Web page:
Kindle Spotlight: Novels on the Locus 2008 Recommended Reading List, Part 1

What was great in 2008 and possibly early 2009? This year’s Locus Online recommended reading list is up.

Here’s what’s available on the Kindle.

Science Fiction Novels

Matter by Iain M. Banks

Buy: Kindle Store

Available on February 10th, the eight novel in his acclaimed Culture series. If there’s a “high science-fiction”, then this is it.

Weaver by Stephen Baxter

Buy: Kindle Store

The last book in an alternate history Time’s Tapestry series that began with Emperor in Rome, continued with Conqueror (Dark Ages) and Navigator (late 1400s), and now ends in World War II.

City at the End of Time by Greg Bear

Buy: Kindle Store

Telepathic communication between two groups eons upon eons apart, between three Seattlites now and two ultra-evolved beings near the heat-death of the Universe.

Incandescence by Greg Egan

Buy: WebscriptionsPaperback

Sample chapters available from Webscriptions.

Lovely beginning:

“Are you a child of DNA?”

Rakesh was affronted; if he’d considered this to be information that any stranger wandering by had a right to know, it would have been included in his précis.

Marsbound by Joe Haldeman

Buy: Kindle Store

You would never have guessed it from the cover, but this is a tale involving a strong young adult heroine who lives in a Mars space colony, and stumbles across real Martians. Nevertheless, this is not YA.

Anathem by Neal Stephenson

Buy: Kindle Store

A very big book. Good thing it’s available for the Kindle. Jo Walton has a spectacular post on Tor.com about the book, Anathem: what does it gain from not being our world?

Saturn’s Children by Charles Stross

Buy: Kindle Store

I reviewed it here. (Note: not a Tor.com review, and rather shorter.)

Rolling Thunder by John Varley

Buy: Kindle Store

Military science fiction, the sequel to Red Lightening, and it name drops Podkayne. (And yes, the character is a third-generation Martian. What is it about that name? Ah, Heinlein.)

Implied Spaces (Paperback) by Walter Jon Williams

Buy: WebscriptionsPaperback

Sample chapters at Webscriptions.

The following summary paragraph put this book on my radar:

Traveling the pocket universes with his wormhole-edged sword Tecmessa in hand and talking cat Bitsy, avatar of the planet-sized computer Endora, at his side, Aristide must find a way to save the multiverse from subversion, sabotage, and certain destruction.

Fantasy Novels

An Autumn War by Daniel Abraham

Buy: Kindle Store

The third book in the Long Price Quartet, preceeded by books 1 and 2, A Shadow in Summer and A Betrayal in Winter (the latter not yet on the Kindle).

The last in the series, The Price of Spring, is forthcoming later in 2009.

The Love We Share Without Knowing by Christopher Barzak

Buy: Kindle Store

Another haunting novel, split up into multiple stories set in Japan (“Realer Than You”, “The Suicide Club”, “If You Can Read This You’re Too Close”).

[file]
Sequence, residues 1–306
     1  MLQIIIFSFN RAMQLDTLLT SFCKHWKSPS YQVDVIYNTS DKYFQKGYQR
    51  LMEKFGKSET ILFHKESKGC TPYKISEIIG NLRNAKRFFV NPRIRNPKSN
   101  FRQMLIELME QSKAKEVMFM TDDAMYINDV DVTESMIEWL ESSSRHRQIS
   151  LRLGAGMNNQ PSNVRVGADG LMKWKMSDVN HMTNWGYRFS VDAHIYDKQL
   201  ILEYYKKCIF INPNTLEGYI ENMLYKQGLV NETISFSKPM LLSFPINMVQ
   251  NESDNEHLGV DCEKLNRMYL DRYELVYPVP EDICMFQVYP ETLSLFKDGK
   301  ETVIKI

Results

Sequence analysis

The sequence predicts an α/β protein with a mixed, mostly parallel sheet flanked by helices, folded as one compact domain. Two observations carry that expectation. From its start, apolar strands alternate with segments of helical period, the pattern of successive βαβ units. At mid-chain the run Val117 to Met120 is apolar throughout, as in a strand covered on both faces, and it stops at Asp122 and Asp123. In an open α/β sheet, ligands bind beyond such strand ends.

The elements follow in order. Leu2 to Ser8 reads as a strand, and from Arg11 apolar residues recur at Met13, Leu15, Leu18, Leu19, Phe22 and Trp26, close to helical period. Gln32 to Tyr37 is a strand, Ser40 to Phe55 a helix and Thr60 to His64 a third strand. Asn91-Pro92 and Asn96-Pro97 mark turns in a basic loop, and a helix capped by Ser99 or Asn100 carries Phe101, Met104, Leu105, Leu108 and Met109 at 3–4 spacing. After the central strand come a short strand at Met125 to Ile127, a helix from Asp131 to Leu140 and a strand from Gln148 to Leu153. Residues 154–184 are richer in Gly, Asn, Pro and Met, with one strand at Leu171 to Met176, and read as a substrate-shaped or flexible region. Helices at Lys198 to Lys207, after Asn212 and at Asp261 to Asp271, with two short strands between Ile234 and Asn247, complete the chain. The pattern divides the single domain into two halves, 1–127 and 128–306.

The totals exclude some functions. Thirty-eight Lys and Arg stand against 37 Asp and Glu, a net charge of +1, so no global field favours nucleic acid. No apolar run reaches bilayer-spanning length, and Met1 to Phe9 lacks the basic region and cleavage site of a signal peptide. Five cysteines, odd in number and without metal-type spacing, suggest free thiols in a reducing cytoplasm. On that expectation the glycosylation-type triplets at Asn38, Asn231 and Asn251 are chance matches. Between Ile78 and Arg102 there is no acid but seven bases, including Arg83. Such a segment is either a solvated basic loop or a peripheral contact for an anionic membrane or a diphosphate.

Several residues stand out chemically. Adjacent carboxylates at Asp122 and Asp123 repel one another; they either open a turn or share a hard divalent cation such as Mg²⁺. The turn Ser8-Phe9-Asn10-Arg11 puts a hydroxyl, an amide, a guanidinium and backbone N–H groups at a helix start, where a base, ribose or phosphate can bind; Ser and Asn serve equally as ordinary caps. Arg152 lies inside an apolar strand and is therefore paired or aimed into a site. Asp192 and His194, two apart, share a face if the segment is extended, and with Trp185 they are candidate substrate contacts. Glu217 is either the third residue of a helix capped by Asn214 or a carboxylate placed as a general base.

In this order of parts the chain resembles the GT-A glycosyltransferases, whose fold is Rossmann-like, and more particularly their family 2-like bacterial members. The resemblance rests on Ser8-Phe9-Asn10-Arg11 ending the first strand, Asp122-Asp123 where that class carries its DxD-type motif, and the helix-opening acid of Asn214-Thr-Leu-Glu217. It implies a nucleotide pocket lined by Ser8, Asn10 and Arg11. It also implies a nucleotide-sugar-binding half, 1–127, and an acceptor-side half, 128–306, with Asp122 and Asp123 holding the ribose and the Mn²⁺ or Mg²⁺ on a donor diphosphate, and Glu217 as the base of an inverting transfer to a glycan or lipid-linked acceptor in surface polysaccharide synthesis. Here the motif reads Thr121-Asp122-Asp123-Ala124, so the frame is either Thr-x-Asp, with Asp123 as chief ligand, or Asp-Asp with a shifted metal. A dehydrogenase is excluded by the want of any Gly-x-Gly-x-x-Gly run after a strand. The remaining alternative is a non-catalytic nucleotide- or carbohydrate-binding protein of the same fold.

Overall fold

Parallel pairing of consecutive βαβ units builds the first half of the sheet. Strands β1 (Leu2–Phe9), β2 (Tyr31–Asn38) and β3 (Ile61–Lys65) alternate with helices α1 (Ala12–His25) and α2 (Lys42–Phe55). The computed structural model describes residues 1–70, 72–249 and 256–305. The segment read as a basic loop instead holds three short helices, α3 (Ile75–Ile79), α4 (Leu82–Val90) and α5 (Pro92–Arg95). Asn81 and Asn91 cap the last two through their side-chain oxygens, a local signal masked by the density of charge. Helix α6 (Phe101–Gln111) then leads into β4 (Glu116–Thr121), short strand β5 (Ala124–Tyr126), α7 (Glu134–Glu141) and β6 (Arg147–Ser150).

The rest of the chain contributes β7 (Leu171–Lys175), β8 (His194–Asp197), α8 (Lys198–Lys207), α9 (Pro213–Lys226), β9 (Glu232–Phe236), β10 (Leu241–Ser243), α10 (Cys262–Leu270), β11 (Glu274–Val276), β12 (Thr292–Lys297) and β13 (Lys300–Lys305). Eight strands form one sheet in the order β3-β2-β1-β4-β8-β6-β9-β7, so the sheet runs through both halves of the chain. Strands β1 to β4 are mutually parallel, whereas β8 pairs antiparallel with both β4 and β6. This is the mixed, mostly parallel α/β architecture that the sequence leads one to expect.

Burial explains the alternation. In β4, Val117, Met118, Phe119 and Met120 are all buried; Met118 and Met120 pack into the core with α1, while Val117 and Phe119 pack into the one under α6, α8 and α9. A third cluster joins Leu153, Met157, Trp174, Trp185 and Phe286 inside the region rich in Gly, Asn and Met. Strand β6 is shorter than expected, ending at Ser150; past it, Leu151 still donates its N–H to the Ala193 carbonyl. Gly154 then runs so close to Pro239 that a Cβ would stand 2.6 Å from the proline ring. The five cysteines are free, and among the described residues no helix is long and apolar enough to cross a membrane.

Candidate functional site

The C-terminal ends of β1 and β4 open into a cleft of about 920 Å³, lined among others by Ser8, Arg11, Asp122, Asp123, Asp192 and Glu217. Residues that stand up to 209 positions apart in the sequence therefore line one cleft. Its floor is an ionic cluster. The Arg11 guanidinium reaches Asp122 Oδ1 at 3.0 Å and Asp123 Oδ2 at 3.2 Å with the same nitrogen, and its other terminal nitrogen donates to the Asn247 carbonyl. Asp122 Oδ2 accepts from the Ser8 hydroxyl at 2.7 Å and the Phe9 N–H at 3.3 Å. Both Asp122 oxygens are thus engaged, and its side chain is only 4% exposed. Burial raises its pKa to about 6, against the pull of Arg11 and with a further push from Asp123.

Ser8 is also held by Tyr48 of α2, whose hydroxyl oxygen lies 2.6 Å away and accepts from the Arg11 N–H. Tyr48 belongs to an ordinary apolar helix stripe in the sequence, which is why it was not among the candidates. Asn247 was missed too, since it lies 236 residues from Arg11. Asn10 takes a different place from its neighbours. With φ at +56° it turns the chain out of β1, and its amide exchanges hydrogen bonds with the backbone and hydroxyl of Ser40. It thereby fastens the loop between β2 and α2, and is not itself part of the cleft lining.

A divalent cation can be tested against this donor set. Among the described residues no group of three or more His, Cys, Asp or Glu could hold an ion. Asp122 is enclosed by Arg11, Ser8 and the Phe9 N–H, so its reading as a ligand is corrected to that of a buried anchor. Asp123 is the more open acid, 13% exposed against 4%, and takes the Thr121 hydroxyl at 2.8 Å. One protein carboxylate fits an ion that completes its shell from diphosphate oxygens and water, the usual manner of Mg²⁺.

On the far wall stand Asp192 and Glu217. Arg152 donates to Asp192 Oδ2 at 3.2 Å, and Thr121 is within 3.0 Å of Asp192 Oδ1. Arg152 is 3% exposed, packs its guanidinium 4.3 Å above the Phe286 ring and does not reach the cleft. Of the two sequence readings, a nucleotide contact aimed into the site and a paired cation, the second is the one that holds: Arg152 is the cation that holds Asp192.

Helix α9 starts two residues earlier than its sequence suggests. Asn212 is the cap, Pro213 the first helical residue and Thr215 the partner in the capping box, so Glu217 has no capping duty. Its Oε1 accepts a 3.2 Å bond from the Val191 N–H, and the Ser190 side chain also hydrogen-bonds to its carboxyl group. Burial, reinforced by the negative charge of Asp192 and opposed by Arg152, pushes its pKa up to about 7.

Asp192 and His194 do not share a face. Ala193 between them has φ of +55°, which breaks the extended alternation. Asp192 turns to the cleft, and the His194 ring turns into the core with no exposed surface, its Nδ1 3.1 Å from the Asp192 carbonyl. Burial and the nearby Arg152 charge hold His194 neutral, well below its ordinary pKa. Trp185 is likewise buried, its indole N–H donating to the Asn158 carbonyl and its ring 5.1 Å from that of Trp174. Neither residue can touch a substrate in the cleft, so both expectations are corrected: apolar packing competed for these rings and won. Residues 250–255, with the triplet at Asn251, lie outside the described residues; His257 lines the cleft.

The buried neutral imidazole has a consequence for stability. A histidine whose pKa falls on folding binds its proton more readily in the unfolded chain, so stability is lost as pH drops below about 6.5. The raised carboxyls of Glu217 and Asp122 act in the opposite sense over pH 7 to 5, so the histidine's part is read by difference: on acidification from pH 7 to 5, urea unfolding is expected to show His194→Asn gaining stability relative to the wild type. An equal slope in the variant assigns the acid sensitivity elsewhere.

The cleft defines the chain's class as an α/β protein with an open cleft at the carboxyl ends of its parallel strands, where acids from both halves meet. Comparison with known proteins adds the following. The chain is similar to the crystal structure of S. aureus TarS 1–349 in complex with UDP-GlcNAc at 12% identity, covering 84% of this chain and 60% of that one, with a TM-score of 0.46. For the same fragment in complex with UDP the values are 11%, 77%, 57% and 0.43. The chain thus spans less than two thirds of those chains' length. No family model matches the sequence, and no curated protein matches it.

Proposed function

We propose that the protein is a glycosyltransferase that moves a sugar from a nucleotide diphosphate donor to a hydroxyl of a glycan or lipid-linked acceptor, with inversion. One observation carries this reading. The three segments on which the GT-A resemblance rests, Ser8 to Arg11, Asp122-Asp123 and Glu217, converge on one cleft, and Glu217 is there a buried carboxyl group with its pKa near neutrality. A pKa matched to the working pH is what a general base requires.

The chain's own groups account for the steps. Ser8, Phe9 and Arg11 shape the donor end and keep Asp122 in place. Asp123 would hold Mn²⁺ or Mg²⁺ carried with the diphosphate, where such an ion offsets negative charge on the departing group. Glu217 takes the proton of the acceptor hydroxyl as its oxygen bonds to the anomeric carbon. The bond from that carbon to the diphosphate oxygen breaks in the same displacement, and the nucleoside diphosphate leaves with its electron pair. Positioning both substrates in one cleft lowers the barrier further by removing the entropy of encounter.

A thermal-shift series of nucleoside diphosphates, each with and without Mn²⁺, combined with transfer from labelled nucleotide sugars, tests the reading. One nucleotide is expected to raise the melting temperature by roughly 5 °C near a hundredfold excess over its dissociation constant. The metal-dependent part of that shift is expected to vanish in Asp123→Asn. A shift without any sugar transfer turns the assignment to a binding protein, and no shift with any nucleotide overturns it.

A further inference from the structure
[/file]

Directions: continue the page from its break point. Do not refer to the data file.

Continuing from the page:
The Ghost in Love: A Novel by Jonathan Carroll

Buy: Kindle Store

Ben Gould slips and dies—or should have died. Due to a technical problem, Heaven has placed him and others on indefinite hold, as it were. Which leaves them free to explore the space between life and the afterlife. ((Yes, my own copy from late October.))

The Island of Eternal Love by Daina Chaviano

Buy: Kindle Store

The first English translation of one of Chaviano’s works, it’s supernatural historical fiction involving hauntings, imps, and clairvoyants. Winner of the Best Spanish Language Book prize in the 2007 Florida Book Awards.

The Shadow Year by Jeffrey Ford

Buy: Kindle Store

The children in a dysfunctional family cope by developing their own alternate reality through a miniature Botch Town, populated with models of people in the neighborhood.

Yes, that venture doesn’t turn out well for them, or at least, it turns out creepy spooky murder mystery.

Shadowbridge and Lord Tophet by Gregory Frost

Buy:
Kindle Store (Shadowbridge)
Kindle Store (Lord Tophet)

Shadowbridge and its sequel, Lord Tophet, focus on the adventures of Leodora, an orphaned 16-year-old with a talent for puppetry and storytelling, who walks through a world of mythical creatures and dark chaos energy.

Lavinia by Ursula K. Le Guin

Buy: Kindle Store

Lavinia, Aeneas’ second wife, is barely mentioned in the Aeneid. Le Guin takes the tale of Lavinia and spins it out fully, as you would expect.

The Bell at Sealey Head by Patricia A. Mckillip

Buy: Kindle Store

Romance, intrigue, and mystery in a mansion by the seaside where an unseen magical bell haunts the town.

The Engine’s Child by Holly Phillips

Buy: Kindle Store

According to Meredith Schwartz in Library Journal: “Her lush prose and dark fantasy cityscape will appeal to fans of China Mieville’s Perdido Street Station and Sarah Monette’s Melusine, but her manipulative, scarred, sexual, unapologetic antiheroine recalls Elizabeth Bear or Melissa Scott.” ((From New on Kindle: Black Friday.))